One in four youths carries a knife in school or on the street

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The Independent Online

One in four teenage boys is armed, while half of all teenagers have committed a crime by the time they reach 15, according to one of the largest surveys into juvenile crime in Britain.

One in four teenage boys is armed, while half of all teenagers have committed a crime by the time they reach 15, according to one of the largest surveys into juvenile crime in Britain.

A new report by the Joseph Rowntree Foundation, the UK's largest social research charity, has uncovered a trend among boys as young as 11 to walk the streets and go to school carrying knives.

The survey's findings, based on interviews with 14,000 schoolchildren, aged 11 to 15, in English, Scottish and Welsh secondary schools, will add to fears that crime is spiralling out of control, creating a new generation of young thugs.

Last week, Sean McInerney, 12, who terrorised his neighbours in Liverpool, armed with a baseball bat and knives, was banned from the area under a new, anti-social behaviour order. Meanwhile, 13-year-old triplets in Kent, Shane, Sarah and Natalie Morris, were banned from Gillingham for a "catalogue of unacceptable" offences.

One senior police officer told The Independent on Sunday that children had an "increasing propensity to use violence", while a senior Department of Health adviser said teenage boys were now a major public health risk.

The report, entitled Youth At Risk?, also reveals one in five 14-year-olds admitted attacking someone "intending to hurt them seriously" while 10 per cent had committed at least one burglary. One third of 14- and 15-year-olds have vandalised property, and a quarter have shoplifted. As children get older, the incidences of crime also rises.

In the youngest age group, more boys commit criminal acts than girls but the gender gap narrows as the children get older.

The study, carried out in conjunction with Communities That Care, a charity operating schemes to reduce crime in towns such as Swansea, Barnsley and Coventry, concludes: "The findings are disquieting. There seems to be a sizeable minority of young people especially boys for whom violence is not only an active possibility in their daily lives but also one for which they emotionally and physically prepare themselves."

A senior Government health adviser believes working-class teenage boys are now a "major public health issue". Professor John Ashton, in charge of public health in the north west of England, describing them as a neglected and vulnerable group, and called for a national strategy to prevent a "disastrous" slide into drugs, alcohol and casual violence.

"Tonight, where I live, in an urban village south of Liverpool," Professor Ashton said, "hordes of kids, some of them very young, will hang around a dimly lit car park, get some lager from the off-licence and smash windows. The police say they're just hanging around. Schools say it's not their responsibility. But it entrenches rule-breaking and it's the soil on which much more serious things grow later on."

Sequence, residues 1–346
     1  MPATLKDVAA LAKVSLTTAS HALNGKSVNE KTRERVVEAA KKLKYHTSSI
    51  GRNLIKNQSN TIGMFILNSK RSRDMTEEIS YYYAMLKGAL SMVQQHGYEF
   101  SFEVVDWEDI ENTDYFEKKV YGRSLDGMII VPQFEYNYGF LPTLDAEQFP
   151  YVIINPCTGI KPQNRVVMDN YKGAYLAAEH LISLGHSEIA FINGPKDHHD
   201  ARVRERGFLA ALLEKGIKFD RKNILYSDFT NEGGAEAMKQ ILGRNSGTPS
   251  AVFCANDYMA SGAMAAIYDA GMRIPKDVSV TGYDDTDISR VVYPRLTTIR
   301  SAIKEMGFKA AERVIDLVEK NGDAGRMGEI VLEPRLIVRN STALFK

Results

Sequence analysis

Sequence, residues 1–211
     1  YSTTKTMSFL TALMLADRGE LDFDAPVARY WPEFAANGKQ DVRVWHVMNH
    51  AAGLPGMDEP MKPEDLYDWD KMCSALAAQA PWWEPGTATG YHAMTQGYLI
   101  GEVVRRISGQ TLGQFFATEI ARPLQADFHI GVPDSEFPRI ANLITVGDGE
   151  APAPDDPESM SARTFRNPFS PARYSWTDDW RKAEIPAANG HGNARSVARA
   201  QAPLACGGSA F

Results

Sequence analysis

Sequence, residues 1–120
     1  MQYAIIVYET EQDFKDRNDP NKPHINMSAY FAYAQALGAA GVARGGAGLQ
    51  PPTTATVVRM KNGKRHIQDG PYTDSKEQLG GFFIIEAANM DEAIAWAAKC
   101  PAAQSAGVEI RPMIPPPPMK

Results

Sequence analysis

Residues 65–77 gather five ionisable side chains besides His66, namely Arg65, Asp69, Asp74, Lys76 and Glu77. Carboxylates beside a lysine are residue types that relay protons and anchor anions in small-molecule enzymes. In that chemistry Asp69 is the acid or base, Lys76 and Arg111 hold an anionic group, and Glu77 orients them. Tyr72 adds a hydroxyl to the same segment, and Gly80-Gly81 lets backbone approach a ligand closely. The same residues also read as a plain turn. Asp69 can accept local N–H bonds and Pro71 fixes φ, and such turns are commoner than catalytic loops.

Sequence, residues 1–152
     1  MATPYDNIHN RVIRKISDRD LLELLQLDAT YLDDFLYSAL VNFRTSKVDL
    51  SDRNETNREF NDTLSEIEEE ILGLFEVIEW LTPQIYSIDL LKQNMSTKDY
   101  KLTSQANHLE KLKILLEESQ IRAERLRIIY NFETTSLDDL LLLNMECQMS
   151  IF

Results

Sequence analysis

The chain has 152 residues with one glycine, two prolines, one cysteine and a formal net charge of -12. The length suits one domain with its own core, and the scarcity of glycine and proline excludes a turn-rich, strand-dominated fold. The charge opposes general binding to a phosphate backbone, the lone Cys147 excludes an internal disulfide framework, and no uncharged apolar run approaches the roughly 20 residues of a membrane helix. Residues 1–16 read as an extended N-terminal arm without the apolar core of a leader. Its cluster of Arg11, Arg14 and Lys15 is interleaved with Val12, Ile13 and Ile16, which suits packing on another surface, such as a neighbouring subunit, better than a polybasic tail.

Rick Naylor, vice president of the Police Superintendents' Association, said: "Well over 50 per cent of the people we deal with for crime are under the age of 17. Officers up and down the country will say there is a much greater propensity for youngsters to use violence than there has been in the past."

Concern about violent behaviour has led education ministers to reverse a key policy aimed at reducing social exclusion. Although New Labour came to power saying that schools should expel many fewer pupils, Estelle Morris is now encouraging head teachers to get rid of violent troublemakers.

Nigel de Gruchy, of the teachers' union NASUWT, claimed violent attacks on teachers had risen an estimated 50 per cent in the last year alone: "It can be terrifying being a teacher. We get more and more reports of teachers being intimidated."

Professor Ellis Cashmore, who has written on policing and crime, said, "Weapons have taken on a symbolic importance. It is something imported from the US."

Young outlaws: 'We know it's wrong, but it's the society we're in'

By Andrew Johnson

The Kyzer and Four by Four will only give their MC names. They are both 16 and expect to do well in their GCSEs. They live in King's Cross, north London, and have been involved in some kind of crime since they were 12.

"We don't go shoplifting any more,'' they say. "We've moved on to the next step. Shoplifting is for younger kids. Now we buy cars and drive them around illegally. Where we live we know people who can do a fake licence and credit card fraud. It's a bit hard to pull off but if you do you get respect."

Four by Four says that he was once stopped by the police and got away with it by using forged documents.

"When we were shoplifting we would steal caps, belts, videos, things we wanted or needed. It's harder now there are cameras and security tags everywhere. If we got caught now we would be laughed at. When you get caught it really hits you. We got caught stealing jumpers from Gap, taken to the police station and cautioned.''

The Kyzer says: "When my dad came to pick me up from the station it was really embarrassing. I've calmed down now. Two years ago I started playing football with a professional football club [he spent last year on the youth book of a leading Premiership side] and stopped hanging around with the people in this area. If it wasn't for football we would have got really out of order.'' Four by Four adds: "Football saved us. I could have got into drugs.''

Kyzer says: "We haven't got any youth clubs around here or facilities. There's nothing to do except hang around on the streets. You feel safe hanging around in a gang, you feel secure. Our parents are strict. We know it is wrong what we do ­ not everybody does know it's wrong ­ but it's the society we are in."